Following our intense time together during the Holyday season – from the serious observation of our lives during Rosh Hashanah and Yom Kippur to the celebration of joy, nature and gratitude during the Sukkot week, to the reflections of Shemini Atzeret and then to the end of the yearly Torah reading cycle marked by Simchat Torah – we are now back to the days of routine, or as routine as they can be during this strange pandemic.
It is one thing, say our Sages, to have heightened spiritual and Jewish awareness during these moments of celebration, and another to take the affirmations we made, the prayers we uttered, the hopes that we shared, and to inculcate them all into our daily lives. That is the challenge for each of us, and I hope that these days are used to learn, bond with our Jewish heritage, affirm our relationship with God, increase love and justice in the world, and to enable us to always be mindful of the preciousness and sanctity of each passing moment of our lives.
This month there is an important Presidential election in the United States and, regardless of the result we would like to see, it is good to remember that there are precious few nations in the world whose citizens can freely choose their leaders. I am often expected to ‘answer’ for America – its President, the country, its people, its faults and blemishes, along with its strengths, of course. It’s an unfair burden on me, one of over 330,000,000 citizens of a country as diverse as any in the world. I do hope that no matter who is elected to take on the next four difficult years, they will always heed the words of Abraham Lincoln, in his address at his inauguration for his second term as President in March 1865:
With malice toward none, with charity for all, with firmness in the right, as God gives us to see the right, let us strive on to finish the work we are in; to bind up the nation’s wounds, to care for him who shall have borne the battle and for his widow and his orphan, to do all which may achieve and cherish a just and lasting peace among ourselves and with all nations.
Those words were delivered as the United States was in the last throes of a brutal Civil War, a country divided by internecine conflict that took the lives of almost a million citizens. The message is a reminder to us all about the value of democracy, of our values, of healing wounds rather than stoking mindless hatred and violence. This is my prayer for the United States, and for every nation in the world. As many of you know, I recently became a citizen of the United Kingdom, in addition to my United States citizenship. Both countries have provided our people with the freedom and dignity that few places around the world have given to Jews.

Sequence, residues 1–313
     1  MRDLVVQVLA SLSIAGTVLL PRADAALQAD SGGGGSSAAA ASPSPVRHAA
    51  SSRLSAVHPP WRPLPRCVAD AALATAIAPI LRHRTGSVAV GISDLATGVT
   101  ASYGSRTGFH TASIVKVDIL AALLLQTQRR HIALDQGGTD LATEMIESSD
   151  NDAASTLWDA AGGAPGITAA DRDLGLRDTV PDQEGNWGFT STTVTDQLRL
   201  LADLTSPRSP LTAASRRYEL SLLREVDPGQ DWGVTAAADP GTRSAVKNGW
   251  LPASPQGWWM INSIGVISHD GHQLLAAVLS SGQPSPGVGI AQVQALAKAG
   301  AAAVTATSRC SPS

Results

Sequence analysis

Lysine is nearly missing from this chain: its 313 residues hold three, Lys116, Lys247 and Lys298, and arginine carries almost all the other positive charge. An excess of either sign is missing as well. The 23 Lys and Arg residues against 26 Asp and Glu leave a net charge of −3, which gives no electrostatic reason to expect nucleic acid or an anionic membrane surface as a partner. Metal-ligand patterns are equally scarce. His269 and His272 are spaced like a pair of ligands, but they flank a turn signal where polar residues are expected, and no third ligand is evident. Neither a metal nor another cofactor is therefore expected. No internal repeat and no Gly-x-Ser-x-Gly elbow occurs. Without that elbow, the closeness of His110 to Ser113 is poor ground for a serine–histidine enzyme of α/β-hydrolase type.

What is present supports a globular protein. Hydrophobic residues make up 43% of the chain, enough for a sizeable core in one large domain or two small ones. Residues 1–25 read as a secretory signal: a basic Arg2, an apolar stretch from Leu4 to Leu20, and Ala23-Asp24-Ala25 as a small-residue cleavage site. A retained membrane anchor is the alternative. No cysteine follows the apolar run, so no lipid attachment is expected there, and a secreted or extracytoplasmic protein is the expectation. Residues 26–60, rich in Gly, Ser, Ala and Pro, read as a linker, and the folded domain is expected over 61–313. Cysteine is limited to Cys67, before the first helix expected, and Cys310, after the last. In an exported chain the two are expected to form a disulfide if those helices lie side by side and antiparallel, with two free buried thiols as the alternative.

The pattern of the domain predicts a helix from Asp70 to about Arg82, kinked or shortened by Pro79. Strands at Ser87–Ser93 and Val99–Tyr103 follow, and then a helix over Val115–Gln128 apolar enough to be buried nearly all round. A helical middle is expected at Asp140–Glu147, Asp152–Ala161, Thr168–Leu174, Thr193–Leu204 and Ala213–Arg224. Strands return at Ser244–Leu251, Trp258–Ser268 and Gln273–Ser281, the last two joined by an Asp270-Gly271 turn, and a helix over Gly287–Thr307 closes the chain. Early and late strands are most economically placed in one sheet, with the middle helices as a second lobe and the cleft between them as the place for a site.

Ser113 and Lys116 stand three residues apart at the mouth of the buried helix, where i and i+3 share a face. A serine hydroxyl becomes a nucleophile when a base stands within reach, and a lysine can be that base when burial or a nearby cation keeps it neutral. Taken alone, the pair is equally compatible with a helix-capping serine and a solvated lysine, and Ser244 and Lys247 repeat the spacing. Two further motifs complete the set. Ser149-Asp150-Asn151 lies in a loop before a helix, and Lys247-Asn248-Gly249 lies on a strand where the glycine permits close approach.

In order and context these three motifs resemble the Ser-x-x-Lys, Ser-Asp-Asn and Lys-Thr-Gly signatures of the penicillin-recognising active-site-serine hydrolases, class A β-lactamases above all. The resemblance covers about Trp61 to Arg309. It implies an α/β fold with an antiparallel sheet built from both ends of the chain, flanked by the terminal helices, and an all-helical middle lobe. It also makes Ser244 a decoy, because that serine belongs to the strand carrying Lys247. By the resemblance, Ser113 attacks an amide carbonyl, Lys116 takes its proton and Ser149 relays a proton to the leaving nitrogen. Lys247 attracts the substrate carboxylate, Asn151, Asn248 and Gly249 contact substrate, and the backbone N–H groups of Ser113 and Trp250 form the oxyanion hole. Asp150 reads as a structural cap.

But democracy, as we all should know, is a fragile institution that will rise or fall depending on the values of its citizenry and we must protect it. That protection comes from each citizen accepting responsibility for the culture and values of decency and goodness. That is the only way our great nations can survive.
My own appreciation of democracy and freedom was crystallised in the 1980s, when I made numerous trips to the former Soviet Union, a country that deprived its citizens of basic freedoms of speech, of the media, of culture, of language, of religion. I saw first-hand what oppression was all about, especially the way the Soviet regime persecuted and tyrannised its Jewish citizens. During those trips I was reminded why my own grandparents left Belarus, Russia and Ukraine to seek freedom in the United States, and why my grandmother kissed the soil of a country that gave her family freedom, Jewish freedom. I am certain that we all have similar feelings regarding our families that sought haven here in the UK from Germany, from Austria, from Eastern Europe, or earlier from tsarist Russia. I believe that we should express our gratitude each day that our ancestors had the courage and resolute will to leave the past behind and seek a better future for us, their descendants.
Therefore, regardless of the challenges facing the United States and the rest of the world, let us remember where we are, the context of history which brought us to these lands of freedom, and do everything in our power to sustain that gift. And in the spirit of Chanukah, when our Maccabean ancestors battled for religious freedom, let us also remember what it was and is like to fight foes who try to take those freedoms from us.
May you all have a wonderful couple of months. Celebrate Chanukah and rejoice in the freedoms that we too often take for granted. Remember our history and our heritage.
In shalom always,